Mumbai Industrial Museum

Machinery in Kohinoor Mills no.1-2, Dadar (East), 2002
Machinery in Kohinoor Mills no.1-2, Dadar (East), 2002

This is a a proposal for a grant to develop the idea of an Industrial Museum in the Mill Lands of Mumbai. .

You can also download the PDF of this proposal which was supported by a seed grant from the India Foundation for the Arts (IFA), Bangalore in 2004-2005, much before the landmark court case on the Mumbai Mill Lands in 2005-2006.

Rajesh Vora’s photography of the NTC mills was published in Darryl D’Monte, ed., Mills for Sale: The Way Ahead (Mumbai: MARG, 2006). Collaborators Ashok G. Bapat and Raj Chandavarkar expired in 2006, and Arvind Adarkar in 2013.

This project was conceived much before proposals in 2013-2014 for a textile or mill museum in India United Mills no.2 (Alexandra Mills) in Kalachowki, now in municipal possession and reserved as an open heritage space.

1. Introduction

The Mumbai Industrial Museum Collaboration seeks to address the crisis of civic imagination driven by two dramatic transformations in our contemporary urban landscapes — the deindustrialisation of manufacturing and production, and the dematerialisation of culture and information.

These parallel transformations have replaced large-scale factories and organised urban working classes with dispersed networks of subcontracted and informal production in slums and hinterlands on the one hand; and on the other hand, they have replaced the space of the traditional museum, library and archive with virtual networks of communications, entertainment and commerce. While these historic industrial and technological changes are common to cities across the world, in Mumbai their articulation in the public sphere remains deeply contested and polarised.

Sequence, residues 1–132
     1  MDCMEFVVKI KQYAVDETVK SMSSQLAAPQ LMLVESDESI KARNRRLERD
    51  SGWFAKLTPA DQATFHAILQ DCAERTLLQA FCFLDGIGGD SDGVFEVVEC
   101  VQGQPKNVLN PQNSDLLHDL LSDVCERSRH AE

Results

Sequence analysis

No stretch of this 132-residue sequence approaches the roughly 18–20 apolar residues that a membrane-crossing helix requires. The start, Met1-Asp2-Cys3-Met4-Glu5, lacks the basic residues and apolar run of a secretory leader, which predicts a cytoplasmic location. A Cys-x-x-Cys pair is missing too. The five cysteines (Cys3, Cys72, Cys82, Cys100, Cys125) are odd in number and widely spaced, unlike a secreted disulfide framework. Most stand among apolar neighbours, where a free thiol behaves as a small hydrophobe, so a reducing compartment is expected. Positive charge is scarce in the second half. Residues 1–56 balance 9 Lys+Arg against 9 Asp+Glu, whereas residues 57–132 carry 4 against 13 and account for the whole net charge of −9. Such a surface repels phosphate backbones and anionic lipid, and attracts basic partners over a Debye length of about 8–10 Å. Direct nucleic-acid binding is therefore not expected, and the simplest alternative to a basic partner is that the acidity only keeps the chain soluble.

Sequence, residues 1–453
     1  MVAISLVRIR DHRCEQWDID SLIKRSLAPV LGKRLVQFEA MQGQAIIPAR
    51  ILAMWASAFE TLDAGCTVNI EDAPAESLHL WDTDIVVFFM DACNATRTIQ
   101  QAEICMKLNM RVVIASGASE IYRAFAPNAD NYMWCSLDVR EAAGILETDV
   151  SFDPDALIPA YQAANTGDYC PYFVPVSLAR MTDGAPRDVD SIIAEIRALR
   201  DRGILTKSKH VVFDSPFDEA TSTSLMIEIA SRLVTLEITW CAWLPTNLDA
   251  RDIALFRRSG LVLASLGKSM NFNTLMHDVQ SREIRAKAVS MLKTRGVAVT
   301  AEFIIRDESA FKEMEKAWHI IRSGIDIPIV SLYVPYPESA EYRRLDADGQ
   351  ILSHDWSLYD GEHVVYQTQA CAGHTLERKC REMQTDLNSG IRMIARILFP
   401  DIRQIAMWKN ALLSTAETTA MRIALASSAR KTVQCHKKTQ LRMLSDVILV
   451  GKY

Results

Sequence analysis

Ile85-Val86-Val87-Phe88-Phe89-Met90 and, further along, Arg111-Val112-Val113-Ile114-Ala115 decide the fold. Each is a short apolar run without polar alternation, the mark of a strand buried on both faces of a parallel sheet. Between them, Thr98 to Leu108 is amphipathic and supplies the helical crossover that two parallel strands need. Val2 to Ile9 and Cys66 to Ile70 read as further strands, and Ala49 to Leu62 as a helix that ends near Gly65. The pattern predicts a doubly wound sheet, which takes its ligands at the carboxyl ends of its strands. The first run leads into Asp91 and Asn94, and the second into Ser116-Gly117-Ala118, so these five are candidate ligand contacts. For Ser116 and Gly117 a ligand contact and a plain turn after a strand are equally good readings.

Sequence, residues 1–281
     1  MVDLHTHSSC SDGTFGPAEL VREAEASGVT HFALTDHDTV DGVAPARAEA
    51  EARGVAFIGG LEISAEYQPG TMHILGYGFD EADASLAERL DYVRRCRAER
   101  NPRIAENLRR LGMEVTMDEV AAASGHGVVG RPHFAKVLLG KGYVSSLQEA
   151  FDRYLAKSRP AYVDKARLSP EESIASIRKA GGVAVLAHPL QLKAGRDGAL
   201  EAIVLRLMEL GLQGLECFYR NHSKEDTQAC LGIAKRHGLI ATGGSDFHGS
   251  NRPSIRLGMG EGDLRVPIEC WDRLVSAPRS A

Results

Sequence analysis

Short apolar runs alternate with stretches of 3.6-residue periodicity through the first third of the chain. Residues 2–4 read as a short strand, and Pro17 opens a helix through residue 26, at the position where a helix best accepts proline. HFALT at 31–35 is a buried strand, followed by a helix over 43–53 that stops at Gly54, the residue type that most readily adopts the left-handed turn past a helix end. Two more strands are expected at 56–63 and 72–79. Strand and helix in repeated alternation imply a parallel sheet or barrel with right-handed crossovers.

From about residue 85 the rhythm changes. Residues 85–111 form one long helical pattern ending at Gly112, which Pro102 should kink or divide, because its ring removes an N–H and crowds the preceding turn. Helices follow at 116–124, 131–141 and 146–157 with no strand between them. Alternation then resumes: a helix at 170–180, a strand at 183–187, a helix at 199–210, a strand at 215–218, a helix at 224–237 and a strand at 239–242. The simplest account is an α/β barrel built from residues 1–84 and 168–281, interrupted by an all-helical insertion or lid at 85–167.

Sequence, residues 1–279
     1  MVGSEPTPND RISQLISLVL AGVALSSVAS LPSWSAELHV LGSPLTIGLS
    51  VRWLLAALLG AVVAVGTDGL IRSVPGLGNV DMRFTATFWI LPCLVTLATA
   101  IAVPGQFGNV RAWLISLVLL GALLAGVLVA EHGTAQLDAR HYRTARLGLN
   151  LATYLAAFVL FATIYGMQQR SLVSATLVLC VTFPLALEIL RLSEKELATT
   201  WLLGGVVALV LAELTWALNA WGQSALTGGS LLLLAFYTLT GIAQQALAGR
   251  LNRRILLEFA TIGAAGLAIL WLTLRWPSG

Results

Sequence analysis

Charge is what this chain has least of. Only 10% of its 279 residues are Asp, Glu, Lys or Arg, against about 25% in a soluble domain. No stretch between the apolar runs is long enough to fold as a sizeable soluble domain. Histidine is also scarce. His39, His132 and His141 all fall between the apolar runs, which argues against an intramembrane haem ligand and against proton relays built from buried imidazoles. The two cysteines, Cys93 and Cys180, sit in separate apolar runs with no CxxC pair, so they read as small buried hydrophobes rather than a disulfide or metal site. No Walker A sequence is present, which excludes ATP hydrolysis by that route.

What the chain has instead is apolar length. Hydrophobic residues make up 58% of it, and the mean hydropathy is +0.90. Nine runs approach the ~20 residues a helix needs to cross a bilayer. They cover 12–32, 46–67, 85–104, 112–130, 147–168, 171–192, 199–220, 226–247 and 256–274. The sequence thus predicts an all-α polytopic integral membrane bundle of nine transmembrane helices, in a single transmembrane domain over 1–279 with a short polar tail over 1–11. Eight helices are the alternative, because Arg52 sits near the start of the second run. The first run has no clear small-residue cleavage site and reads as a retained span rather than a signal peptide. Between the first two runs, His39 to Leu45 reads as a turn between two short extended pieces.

In the twenty years since the Bombay Textile Strike inaugurated a post-industrial era of social and spatial restructuring — in which nearly a million factory workers lost their jobs in various industries — political and cultural responses to urban change are divided. They range from the celebratory rhetoric of the utopia of finance and services, styled on Singapore or Hong Kong, to the passionate protests of activists and community groups against the destruction of livelihoods and homes, in factory closures and slum demolitions. The new politics of space and work in post-industrial Mumbai has yet to be comprehensively documented, much less re-imagined, and the importance of a collaborative urbanism to this task is obvious.

In this proposal for the Industrial Museum Collaboration, we outline a project to develop an Archive and Network, which can bring together various individual practitioners and groups into dialogue and action on these questions, in relation to the textile mill districts of the inner-city, also known as the Mumbai Mill Lands or Girangaon.

3. Re-imagining the Museum

The idea of a museum today departs radically from the concept of the modern museum as we know it. The form of knowledge represented by the traditional idea of the museum is often alienating — representing the abstraction of knowledge from its living contexts. Postcolonial critics have charged that museums in the colonial world represented the objectification of living cultures, and their classification and exhibition as a sets of lifeless artefacts and exotic objects is part of the domination of colonial science and racist ideology over native knowledge systems.